• as a practical suggestion, ensure that the works are practically complete and all minor defects are rectified before the homeowner inspects as this will help to avoid the common dispute about when PC has been reached and the homeowner withholding the final progress claim because they are unhappy with the works. Remember the homeowner is buying “the dream” and expects that the house will be ready to occupy. It is better in the long run, in terms of cost and time, to try and meet that expectation if possible.

7. OC – clearly specify the builder’s obligations in relation to obtaining the OC?

• clearly specify in the contract what the builder’s obligations are in relation to providing the certificates and documents required in order to obtain the OC (which is usually the homeowner’s responsibility to obtain from Council or a private certifier) and also stipulate whether the builder has an ongoing obligation to assist the homeowner in obtaining the OC.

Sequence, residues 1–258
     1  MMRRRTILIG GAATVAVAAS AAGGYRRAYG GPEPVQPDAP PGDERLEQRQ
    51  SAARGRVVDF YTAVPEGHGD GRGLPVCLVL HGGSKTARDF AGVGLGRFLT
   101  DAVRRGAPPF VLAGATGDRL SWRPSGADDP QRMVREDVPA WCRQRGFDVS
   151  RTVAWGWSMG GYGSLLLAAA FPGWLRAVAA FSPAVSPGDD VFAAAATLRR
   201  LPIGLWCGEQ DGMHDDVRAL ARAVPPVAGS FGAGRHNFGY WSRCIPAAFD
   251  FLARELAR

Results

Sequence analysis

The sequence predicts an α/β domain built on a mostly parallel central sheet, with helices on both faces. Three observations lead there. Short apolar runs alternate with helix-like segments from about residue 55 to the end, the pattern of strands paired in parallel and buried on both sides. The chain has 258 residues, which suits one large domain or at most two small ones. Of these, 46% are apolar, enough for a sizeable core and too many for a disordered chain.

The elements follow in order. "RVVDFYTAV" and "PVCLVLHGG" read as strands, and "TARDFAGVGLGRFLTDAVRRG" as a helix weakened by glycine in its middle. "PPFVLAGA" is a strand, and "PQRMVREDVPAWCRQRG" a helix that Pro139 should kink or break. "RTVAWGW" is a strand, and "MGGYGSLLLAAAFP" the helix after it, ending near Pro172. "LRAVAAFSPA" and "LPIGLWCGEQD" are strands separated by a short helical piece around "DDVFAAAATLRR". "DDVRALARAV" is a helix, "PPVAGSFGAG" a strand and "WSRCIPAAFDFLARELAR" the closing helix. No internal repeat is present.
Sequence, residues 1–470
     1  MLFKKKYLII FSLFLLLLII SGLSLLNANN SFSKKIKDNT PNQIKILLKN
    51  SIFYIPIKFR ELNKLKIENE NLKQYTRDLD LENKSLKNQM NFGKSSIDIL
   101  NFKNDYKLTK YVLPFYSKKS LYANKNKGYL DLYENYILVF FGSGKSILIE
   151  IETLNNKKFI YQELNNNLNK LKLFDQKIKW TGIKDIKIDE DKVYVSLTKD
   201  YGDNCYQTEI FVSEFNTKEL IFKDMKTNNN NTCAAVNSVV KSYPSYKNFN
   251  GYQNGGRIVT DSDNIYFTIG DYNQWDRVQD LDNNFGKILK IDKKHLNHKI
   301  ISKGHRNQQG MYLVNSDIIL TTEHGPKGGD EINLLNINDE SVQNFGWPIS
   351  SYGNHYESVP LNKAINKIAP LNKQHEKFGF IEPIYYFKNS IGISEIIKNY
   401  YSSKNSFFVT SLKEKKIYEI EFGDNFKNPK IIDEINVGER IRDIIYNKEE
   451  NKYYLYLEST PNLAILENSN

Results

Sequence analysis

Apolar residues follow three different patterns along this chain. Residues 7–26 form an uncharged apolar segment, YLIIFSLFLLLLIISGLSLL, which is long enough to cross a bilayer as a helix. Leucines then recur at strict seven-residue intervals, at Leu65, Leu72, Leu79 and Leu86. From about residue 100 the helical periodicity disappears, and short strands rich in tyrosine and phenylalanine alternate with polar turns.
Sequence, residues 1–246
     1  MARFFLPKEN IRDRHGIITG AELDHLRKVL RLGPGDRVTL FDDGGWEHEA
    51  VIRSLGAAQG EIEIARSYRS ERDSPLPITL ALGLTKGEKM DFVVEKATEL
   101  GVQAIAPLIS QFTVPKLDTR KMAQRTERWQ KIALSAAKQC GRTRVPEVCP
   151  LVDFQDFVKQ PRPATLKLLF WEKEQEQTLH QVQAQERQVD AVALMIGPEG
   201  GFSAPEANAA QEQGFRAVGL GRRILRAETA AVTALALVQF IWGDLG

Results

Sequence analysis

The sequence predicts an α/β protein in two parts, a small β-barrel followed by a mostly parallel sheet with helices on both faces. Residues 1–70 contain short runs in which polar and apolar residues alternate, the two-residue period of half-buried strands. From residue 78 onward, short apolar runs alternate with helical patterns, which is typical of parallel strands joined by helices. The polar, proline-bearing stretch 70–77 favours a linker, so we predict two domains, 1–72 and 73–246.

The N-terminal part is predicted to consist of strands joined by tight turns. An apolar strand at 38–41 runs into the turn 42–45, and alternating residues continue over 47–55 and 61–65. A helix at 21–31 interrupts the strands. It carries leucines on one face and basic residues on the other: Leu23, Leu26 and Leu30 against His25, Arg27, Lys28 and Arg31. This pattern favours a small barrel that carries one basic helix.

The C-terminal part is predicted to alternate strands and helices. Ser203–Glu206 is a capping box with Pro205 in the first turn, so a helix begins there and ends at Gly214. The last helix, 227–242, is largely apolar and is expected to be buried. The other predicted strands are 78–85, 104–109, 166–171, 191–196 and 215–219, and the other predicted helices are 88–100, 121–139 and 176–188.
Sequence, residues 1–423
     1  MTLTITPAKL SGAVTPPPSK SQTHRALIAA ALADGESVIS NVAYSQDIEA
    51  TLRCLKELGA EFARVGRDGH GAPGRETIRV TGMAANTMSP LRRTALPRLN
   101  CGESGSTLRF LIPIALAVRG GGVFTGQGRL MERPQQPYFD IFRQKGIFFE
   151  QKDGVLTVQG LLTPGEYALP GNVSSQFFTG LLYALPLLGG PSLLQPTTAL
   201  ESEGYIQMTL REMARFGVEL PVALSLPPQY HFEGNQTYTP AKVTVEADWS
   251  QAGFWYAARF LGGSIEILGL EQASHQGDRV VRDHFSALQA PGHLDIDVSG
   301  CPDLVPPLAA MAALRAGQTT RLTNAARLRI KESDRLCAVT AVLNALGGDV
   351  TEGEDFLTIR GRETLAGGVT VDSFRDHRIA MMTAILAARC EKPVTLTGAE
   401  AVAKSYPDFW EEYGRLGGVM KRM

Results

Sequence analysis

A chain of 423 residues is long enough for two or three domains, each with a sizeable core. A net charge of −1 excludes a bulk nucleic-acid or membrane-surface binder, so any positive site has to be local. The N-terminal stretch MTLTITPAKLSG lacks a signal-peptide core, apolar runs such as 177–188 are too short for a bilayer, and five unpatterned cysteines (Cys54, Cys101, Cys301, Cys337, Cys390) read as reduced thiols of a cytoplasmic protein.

8. Claims by the builder – have the paperwork in order

• if the builder is making claims for the payment of money due under the contract, ensure that the contractual provisions are complied with concerning the builder’s entitlement to those moneys and that all supporting documentation is provided; and

• ensure that progress claims are not issued prematurely when the work the subject of the claim has not been completed (as this could be deemed to be a breach of the contract and a breach of the HBA).

9. Claims by homeowner – defects/incomplete work/negligence